A Word to Advent and Christmas
A year ago, I would not have imagined that this year we would be in our second COVID Advent and Christmas. As Advent now begins to fold into Christmas, we hear the voices of Micah and Mary in the Church’s lectionary readings.
First, there is Micah, who waxes poetically about Bethlehem. “You, O Bethlehem of Ephrathah, little among clans of Judah, from you shall come forth for me one who is to rule in Israel, whose origin is from of old, from ancient days” (Micah 5:2).
This promise to Bethlehem in Micah 5 flows from Micah’s declarations of hope for Jerusalem (“daughter Zion”) and all of Israel in chapter 4, even though the people are, in Micah’s words, writhing and groaning. In 2015, I visited Israel and Palestine. I did not realize until then that you can actually see Bethlehem from Jerusalem, on the other side of the distant valley. Now I see Micah’s message in a new light. I imagine Micah being in Jerusalem and from that vantage point lifts his gaze across the valley to Bethlehem, something like what Moses did, when he stood on the east side of the Jordan River and gazed across to the promised land on the other side. Both the small and the mighty are within Micah’s gaze.
Micah’s overall message begins with the harsh truth: sin tears up lives, messes up families, breaks down communities, destroys nations, and meets with God’s punishment.
Then, Micah’s message turns to hope – hope in God. God is majestic and compassionate. Even now, Micah says, God is preparing for your rescue. A new day is coming.
From the tiny village of Bethlehem, the birthplace of the legendary King David, will come a new ruler of Israel. This is not shmaltzy stuff. A righteous shepherd from Bethlehem is coming to rule on behalf of God. “He will turn the world upside down. He will take his stand, and he will shepherd the Lord’s people with the strength of the Lord, with the majesty of the name of God, and God’s people will be secure.”
Micah’s message that God will prevail and provide is not a message that can be believed lightly when a person is struggling or in trauma.
Then there is Mary.
Once, when I was a kid, a neighborhood friend Jimmy asked me, “Are you Catholic?” On the spur of the moment, I said, “No, we’re not Catholic. We don’t believe in Mary.”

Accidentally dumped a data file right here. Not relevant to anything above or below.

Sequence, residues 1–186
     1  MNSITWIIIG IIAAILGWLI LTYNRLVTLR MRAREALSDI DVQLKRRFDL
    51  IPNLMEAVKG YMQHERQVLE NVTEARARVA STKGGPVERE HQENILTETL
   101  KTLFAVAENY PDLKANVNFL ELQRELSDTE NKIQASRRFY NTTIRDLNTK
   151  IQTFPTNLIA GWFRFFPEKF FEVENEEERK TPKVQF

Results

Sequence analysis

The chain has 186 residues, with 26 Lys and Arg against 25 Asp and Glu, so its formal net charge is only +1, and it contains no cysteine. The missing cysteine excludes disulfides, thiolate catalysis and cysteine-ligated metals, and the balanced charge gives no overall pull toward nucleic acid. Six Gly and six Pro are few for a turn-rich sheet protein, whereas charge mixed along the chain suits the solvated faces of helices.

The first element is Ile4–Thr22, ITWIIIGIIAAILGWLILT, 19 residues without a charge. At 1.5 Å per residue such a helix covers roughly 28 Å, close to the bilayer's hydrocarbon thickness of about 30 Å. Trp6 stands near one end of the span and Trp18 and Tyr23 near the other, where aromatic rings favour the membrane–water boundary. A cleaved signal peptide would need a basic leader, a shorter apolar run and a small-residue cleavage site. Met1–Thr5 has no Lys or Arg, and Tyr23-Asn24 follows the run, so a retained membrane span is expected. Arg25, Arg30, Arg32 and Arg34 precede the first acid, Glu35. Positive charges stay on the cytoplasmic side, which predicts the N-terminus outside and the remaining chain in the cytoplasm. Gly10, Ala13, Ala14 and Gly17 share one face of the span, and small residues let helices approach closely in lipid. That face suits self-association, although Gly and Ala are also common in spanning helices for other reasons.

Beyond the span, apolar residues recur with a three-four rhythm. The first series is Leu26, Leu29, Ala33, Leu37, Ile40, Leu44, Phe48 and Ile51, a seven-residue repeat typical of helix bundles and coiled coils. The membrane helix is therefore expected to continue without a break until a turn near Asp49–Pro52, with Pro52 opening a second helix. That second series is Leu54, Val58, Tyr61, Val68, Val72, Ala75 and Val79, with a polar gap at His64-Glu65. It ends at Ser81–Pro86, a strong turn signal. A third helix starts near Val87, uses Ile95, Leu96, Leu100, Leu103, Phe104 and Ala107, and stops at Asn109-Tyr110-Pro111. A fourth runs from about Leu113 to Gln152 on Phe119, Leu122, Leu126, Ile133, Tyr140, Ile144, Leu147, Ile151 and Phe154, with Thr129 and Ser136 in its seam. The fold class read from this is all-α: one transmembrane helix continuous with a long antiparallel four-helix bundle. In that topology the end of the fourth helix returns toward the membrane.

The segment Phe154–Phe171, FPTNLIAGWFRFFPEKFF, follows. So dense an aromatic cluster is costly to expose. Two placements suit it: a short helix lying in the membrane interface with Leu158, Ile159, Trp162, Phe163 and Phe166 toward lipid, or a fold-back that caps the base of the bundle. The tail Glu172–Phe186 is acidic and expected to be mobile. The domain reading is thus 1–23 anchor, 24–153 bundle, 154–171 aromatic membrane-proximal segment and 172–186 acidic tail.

Of course, we do “believe in Mary.” Martin Luther once declared, “[Mary is the] highest woman and the noblest gem in Christianity after Christ . . . She is nobility, wisdom, and holiness personified. We can never honor her enough” (Sermon, Christmas, 1531).
Mary sings of God. Mary’s song echoes Micah’s: God provides hope and grand reversals: “The Almighty has shown strength with his arm; he has scattered the proud in the thoughts of their hearts. He has brought down the powerful from their thrones, and lifted up the lowly; he has filled the hungry with good things, and sent the rich away empty.”
At times, Martin Luther was combative in his communications. But Luther’s speaking and writing about Christmas and leading up to Christmas was sentimental – maybe “sentimental” isn’t quite the right word, but it is close. The Christmas story overwhelmed Luther. It always brought out his more reflective, gentler side.
What amazed Luther most about Mary was that she believed what God was doing – she actually, truly believed it. Luther understood the angel to be telling Mary that her child would be conceived miraculously, without sexual intercourse. Luther did not believe that miracle lightly – Luther knew as well as any of us the improbability of a virginal conception. It was a miracle. But for Luther, the miracle of the virgin birth was small compared to the greater miracle of the Virgin Mary’s faith.
Luther so often wrestled with his own faith. Maybe that is why he was so fascinated by Mary’s. In a sermon on the annunciation to Mary, Luther said, “She might have doubted, but she . . . trusted in God who could bring all things to pass, even though common sense was against it.”
I don’t know where your faith level is today. Maybe today your faith is soaring; maybe it is coasting; maybe you are clinging to faith by your fingernails or even feel that faith has slipped away. I don’t know the degree to which today you trust that God became a human being in Jesus Christ for you – and for the world – to make you a new creation in Christ, forgiven and reconciled to God and to each other again and again and again, and to usher in the grand reversal: bringing down the powerful, lifting up the lowly.
I am here to tell you that it is true, whether or not you feel you can trust this good news right now, it is true. It is true for you; it is true for all of us. Now and always.
Blessed Advent and Christmas to you!